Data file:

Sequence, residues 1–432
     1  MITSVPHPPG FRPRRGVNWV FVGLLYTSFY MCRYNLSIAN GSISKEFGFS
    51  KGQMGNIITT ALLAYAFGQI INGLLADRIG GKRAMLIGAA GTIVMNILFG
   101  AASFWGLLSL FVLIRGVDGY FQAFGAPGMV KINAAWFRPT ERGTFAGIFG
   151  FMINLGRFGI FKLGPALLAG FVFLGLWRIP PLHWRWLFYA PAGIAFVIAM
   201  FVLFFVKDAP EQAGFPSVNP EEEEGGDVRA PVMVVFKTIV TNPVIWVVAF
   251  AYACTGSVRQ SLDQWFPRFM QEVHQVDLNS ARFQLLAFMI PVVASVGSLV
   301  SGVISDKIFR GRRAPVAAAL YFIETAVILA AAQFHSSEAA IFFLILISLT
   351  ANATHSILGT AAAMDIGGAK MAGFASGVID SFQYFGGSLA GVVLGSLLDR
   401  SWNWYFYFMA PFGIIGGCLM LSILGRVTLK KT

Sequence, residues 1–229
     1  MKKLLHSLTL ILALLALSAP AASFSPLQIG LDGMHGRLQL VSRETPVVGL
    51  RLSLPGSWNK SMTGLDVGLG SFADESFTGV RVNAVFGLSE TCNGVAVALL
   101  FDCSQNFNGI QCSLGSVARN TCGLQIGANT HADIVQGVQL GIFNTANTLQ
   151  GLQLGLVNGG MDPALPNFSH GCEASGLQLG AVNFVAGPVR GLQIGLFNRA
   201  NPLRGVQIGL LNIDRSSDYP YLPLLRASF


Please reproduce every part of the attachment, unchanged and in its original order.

Sequence, residues 1–432
     1  MITSVPHPPG FRPRRGVNWV FVGLLYTSFY MCRYNLSIAN GSISKEFGFS
    51  KGQMGNIITT ALLAYAFGQI INGLLADRIG GKRAMLIGAA GTIVMNILFG
   101  AASFWGLLSL FVLIRGVDGY FQAFGAPGMV KINAAWFRPT ERGTFAGIFG
   151  FMINLGRFGI FKLGPALLAG FVFLGLWRIP PLHWRWLFYA PAGIAFVIAM
   201  FVLFFVKDAP EQAGFPSVNP EEEEGGDVRA PVMVVFKTIV TNPVIWVVAF
   251  AYACTGSVRQ SLDQWFPRFM QEVHQVDLNS ARFQLLAFMI PVVASVGSLV
   301  SGVISDKIFR GRRAPVAAAL YFIETAVILA AAQFHSSEAA IFFLILISLT
   351  ANATHSILGT AAAMDIGGAK MAGFASGVID SFQYFGGSLA GVVLGSLLDR
   401  SWNWYFYFMA PFGIIGGCLM LSILGRVTLK KT

Sequence, residues 1–229
     1  MKKLLHSLTL ILALLALSAP AASFSPLQIG LDGMHGRLQL VSRETPVVGL
    51  RLSLPGSWNK SMTGLDVGLG SFADESFTGV RVNAVFGLSE TCNGVAVALL
   101  FDCSQNFNGI QCSLGSVARN TCGLQIGANT HADIVQGVQL GIFNTANTLQ
   151  GLQLGLVNGG MDPALPNFSH GCEASGLQLG AVNFVAGPVR GLQIGLFNRA
   201  NPLRGVQIGL LNIDRSSDYP YLPLLRASF